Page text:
Eric Pickles tells 'tatty' shopping parades how to succeed
Communities Secretary Eric Pickles has issued a set of guidelines to help "tatty" shopping parades in England compete with the High Street.
He urges small neighbourhood shops to "kick out the louts", set up "savvy" services and "restore local pride".
Labour branded his "shopping list for success" - which comes with no new money - "patronising" but it was welcomed by a leading trade body.
Retail guru Mary Portas has drawn up a £10m plan to revive the High Street.
But the Department for Communities and Local Government says it wants to reassure local convenience stores which employ 10 people or fewer that they have not been forgotten, describing them as "crucial" to the economy.
Local grocery shops, newsagents and cafes have been squeezed by the growth of out-of-town shopping centres and online retail, although are still growing at a faster rate than High Street stores, according to research quoted by the DCLG in a report.
Mr Pickles said: "In the past too many neighbourhood shopping parades have been left to fade in memory and outlook.
"Convinced they can't compete with the mega stores and besieged by gangs of louts they have become tatty, no-go zones turning our beloved local convenience store into the local inconvenience.
"We've taken action to back local firms and small shops and today we are offering up ways to rescue run down shop parades by kicking out the louts, set up savvy services for shoppers and restoring the local pride in parades."
He said parades should be "thriving beacons of local business, home to the character of the neighbourhood community and the local shoppers' destination of choice".
The guide sets out government support available to local shops, such as the "Community right to bid", which is meant to make it easier for local people to take over "treasured" local assets faced with closure.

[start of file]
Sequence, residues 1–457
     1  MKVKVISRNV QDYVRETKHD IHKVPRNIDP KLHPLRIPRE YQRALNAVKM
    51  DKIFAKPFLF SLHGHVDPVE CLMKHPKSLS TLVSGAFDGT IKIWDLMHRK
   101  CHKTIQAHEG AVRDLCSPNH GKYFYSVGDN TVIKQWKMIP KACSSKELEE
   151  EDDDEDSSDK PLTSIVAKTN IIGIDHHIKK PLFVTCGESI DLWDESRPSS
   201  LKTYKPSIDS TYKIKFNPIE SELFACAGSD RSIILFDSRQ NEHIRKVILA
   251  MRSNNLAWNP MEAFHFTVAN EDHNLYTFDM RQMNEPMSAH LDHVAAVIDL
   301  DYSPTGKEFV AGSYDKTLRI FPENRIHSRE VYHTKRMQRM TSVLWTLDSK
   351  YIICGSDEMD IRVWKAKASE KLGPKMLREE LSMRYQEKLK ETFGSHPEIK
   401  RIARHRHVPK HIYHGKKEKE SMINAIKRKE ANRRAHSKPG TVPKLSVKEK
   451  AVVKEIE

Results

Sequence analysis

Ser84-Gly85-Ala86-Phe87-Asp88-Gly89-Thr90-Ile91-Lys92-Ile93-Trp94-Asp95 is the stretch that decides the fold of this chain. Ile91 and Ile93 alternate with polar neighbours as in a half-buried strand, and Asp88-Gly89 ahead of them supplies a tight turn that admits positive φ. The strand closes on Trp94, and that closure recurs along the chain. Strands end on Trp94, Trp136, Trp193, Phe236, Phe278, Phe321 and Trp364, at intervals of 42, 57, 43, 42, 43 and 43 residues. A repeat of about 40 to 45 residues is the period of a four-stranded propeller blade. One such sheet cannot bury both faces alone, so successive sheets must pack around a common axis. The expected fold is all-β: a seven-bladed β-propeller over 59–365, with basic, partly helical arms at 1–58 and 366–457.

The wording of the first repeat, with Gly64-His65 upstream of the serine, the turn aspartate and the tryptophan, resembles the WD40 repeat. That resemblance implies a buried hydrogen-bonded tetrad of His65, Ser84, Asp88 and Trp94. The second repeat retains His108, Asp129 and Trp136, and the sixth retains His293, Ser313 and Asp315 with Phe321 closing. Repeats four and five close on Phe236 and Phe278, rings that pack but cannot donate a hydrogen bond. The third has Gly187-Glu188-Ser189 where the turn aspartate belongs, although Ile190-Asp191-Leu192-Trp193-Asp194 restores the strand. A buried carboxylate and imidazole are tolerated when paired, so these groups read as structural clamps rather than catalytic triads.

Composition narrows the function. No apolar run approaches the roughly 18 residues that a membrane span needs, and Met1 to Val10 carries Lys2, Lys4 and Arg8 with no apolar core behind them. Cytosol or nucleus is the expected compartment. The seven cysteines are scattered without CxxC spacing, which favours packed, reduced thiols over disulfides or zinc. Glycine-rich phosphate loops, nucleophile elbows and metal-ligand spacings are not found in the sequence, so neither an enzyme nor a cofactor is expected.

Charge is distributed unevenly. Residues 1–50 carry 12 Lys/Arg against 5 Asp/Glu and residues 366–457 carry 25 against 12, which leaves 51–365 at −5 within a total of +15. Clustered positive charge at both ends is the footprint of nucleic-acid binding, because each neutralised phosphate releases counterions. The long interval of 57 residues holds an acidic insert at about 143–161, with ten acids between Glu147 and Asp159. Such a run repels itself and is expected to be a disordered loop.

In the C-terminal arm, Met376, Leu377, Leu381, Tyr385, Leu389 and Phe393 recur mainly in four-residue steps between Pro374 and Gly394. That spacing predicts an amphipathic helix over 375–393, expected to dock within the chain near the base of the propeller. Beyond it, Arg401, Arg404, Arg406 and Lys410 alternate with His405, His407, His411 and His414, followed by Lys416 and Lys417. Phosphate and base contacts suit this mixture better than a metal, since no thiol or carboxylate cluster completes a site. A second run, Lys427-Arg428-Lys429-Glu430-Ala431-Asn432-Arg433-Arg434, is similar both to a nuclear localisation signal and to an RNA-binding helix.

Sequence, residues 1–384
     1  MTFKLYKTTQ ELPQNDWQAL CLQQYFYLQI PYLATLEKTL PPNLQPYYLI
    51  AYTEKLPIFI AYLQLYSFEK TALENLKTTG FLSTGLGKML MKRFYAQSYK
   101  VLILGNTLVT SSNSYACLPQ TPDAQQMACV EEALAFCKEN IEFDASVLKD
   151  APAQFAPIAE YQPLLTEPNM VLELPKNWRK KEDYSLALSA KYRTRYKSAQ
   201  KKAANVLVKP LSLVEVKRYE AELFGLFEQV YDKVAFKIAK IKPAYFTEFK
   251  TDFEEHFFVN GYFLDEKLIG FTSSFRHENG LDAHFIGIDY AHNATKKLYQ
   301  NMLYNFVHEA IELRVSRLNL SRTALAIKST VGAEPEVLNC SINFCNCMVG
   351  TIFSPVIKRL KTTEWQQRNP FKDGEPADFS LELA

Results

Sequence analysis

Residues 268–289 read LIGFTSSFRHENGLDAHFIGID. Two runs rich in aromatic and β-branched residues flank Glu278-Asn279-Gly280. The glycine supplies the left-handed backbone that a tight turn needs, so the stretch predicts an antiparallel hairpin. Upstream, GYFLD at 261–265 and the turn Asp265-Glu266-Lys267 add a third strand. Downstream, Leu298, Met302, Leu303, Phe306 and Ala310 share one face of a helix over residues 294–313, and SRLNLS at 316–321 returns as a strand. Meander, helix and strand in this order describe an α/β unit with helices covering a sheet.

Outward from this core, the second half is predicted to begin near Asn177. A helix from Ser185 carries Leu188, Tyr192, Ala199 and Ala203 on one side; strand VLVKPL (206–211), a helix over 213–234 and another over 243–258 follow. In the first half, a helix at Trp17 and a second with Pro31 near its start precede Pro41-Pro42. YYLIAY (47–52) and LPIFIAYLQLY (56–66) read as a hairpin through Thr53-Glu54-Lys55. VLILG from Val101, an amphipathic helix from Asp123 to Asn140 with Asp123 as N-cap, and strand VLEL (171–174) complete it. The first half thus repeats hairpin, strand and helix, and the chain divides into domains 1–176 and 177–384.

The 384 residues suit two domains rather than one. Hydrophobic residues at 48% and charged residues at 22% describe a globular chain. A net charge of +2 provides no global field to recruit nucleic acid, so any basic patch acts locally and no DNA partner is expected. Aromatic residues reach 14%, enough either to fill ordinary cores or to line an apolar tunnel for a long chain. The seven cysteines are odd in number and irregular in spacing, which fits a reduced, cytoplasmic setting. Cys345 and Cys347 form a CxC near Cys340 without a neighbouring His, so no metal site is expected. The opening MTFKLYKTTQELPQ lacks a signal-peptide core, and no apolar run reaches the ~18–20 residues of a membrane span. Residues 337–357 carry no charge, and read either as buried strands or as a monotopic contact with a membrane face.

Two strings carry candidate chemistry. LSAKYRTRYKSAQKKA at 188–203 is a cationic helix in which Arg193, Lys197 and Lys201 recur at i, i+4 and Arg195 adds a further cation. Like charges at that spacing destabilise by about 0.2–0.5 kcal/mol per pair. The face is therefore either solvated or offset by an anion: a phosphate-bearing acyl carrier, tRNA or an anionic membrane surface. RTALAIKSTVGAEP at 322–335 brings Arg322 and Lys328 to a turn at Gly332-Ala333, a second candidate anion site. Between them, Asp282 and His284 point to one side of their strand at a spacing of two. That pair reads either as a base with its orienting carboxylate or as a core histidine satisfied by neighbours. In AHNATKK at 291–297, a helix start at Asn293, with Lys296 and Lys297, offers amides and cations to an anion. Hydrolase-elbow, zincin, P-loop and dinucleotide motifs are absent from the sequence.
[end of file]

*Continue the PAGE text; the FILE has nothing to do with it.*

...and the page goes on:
But Shadow Communities and Local Government minister Roberta Blackman-Woods, for Labour, said: "This is further gesture politics from the government to cover up their lack of an economic plan for the country and for High Streets.
"While shop owners are working hard to keep their businesses going, the government has done little to improve consumer confidence and get our economy moving again.
"Advice like 'Go the extra mile on service' is simply patronising and unhelpful."
But Mr Pickles' guidance was welcomed by the Association of Convenience Stores, which helped draw it up.
Chief Executive James Lowman said: "The government is giving long overdue credit to local shops and helping them by giving practical advice on how to work together and thrive."
He said Mr Pickles' department had made "great strides in its new National planning Policy Framework that will make it harder for big out-of-town stores to open up and destroy the diversity of local parades."